“Everyone's trying to skin that cat many different ways in my eyes,” Carrano said of the many digital tire monitoring systems. “Let's just start off with good visual inspections and air pressure checks, but on a trailer tire, I believe that the P.S.I. system is a good tool in the toolbox.”
Pyle has exclusively used air disc brakes on its tractors since 2011, while sticking with drum brakes on trailers. Carrano said they stick with Bendix solely for all the components, from calipers to rotors to pad sets.
Pyle’s safety mindset calls for “an aggressive replacement strategy” and never pushing brakes to the limit, Carrano noted.
“Our brake replacement spec is really designed so that it can ensure that the truck will make it to the next PM without needing a brake job in between,” he said. “That lessens the amount of time you have to bring that piece of equipment out of service and into the shop.”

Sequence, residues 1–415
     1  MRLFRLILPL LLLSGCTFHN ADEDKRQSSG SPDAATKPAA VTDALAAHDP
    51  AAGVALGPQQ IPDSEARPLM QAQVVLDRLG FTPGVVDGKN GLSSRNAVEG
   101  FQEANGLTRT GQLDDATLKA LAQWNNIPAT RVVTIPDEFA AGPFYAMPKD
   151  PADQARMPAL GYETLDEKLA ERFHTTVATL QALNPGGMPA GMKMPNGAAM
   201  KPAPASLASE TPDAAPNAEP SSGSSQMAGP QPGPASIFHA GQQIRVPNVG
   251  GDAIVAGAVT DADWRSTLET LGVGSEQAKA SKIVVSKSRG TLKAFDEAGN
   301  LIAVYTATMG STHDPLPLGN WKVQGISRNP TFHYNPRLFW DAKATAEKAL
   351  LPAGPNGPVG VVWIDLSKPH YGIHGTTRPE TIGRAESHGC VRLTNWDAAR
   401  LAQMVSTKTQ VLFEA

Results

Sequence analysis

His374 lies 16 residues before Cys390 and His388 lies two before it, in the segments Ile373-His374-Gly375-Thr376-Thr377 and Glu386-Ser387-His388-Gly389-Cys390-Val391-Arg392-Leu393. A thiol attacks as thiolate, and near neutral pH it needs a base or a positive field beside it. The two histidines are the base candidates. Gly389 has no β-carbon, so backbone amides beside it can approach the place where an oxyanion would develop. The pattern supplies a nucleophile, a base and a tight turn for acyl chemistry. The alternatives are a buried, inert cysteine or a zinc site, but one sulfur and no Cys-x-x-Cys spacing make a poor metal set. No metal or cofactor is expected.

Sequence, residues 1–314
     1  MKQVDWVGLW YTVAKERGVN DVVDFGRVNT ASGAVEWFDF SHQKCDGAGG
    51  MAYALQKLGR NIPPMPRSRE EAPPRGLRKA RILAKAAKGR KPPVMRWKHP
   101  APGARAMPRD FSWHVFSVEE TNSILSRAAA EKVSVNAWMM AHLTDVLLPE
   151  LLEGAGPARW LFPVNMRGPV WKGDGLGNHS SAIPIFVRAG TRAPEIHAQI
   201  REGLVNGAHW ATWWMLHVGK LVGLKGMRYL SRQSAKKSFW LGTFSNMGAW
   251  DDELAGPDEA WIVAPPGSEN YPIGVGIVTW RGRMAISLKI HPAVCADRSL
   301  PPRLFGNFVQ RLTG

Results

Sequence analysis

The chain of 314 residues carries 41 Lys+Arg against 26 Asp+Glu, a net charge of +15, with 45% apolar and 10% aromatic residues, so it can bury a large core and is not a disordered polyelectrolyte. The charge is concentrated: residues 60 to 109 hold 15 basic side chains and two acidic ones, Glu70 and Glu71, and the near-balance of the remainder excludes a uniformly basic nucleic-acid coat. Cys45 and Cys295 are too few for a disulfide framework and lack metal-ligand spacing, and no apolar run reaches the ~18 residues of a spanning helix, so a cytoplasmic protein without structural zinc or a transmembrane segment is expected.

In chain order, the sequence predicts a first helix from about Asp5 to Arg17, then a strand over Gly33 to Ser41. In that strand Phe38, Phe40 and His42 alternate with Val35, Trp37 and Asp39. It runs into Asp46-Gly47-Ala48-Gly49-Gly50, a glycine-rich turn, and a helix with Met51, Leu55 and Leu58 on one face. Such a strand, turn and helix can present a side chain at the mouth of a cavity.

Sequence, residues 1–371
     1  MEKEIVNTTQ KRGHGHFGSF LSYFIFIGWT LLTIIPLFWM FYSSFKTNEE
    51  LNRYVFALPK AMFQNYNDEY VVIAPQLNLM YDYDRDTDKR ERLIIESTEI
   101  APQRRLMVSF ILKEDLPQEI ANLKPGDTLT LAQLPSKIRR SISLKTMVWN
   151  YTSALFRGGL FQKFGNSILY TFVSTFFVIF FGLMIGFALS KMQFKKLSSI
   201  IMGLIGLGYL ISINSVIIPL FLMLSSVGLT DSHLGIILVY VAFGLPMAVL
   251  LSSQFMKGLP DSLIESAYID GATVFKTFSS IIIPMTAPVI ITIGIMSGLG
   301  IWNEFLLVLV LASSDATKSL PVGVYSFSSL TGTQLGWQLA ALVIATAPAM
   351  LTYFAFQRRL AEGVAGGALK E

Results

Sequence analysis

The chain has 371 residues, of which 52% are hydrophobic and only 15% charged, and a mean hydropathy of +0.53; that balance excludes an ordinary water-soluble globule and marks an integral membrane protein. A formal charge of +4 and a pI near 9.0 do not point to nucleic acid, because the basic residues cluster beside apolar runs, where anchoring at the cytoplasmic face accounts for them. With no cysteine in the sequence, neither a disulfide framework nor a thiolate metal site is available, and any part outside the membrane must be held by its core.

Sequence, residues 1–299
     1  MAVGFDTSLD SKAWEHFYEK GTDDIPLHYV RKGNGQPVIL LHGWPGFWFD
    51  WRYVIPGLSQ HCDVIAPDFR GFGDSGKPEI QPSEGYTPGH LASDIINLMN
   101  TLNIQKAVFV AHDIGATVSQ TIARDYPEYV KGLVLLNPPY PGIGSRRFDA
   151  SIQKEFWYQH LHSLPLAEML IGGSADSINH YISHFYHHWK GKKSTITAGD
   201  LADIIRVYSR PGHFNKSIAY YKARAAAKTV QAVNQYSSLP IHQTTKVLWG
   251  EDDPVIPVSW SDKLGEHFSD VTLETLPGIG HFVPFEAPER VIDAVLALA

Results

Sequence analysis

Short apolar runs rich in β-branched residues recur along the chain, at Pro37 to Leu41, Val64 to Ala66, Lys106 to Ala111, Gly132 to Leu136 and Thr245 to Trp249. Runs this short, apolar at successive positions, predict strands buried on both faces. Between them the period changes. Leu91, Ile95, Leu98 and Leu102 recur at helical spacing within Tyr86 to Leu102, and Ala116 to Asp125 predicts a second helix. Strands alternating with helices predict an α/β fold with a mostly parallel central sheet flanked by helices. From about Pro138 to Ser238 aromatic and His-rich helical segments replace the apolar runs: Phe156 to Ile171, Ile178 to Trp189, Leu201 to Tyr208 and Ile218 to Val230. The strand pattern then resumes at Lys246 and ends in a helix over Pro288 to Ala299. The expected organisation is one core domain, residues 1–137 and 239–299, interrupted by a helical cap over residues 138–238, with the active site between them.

William Thomas, fleet maintenance manager at the West Chester site, said training is the fleet’s number one safety tool.
Employees also watch safety videos every month and interact with leadership daily to reinforce the safety culture.
“No unsafe practice or short cut is acceptable. Daily, shops are required to complete shift inspections which minimize hazards as well,” Thomas added.
This ranges from teaching technicians to always wear all necessary personal protective equipment, when needed, to understanding how to accurately use diagnostics equipment.
Failing to do either may result in an accident. Not wearing protective gear near a parts washer could cause immediate harm, while screwing up a diagnosis can result in improper parts installs or repairs and impact vehicle safety, Thomas noted.
“Protect yourself, protect your coworkers, and be responsible—it could save a life,” Thomas asserted. “We all want to leave work the way we came.”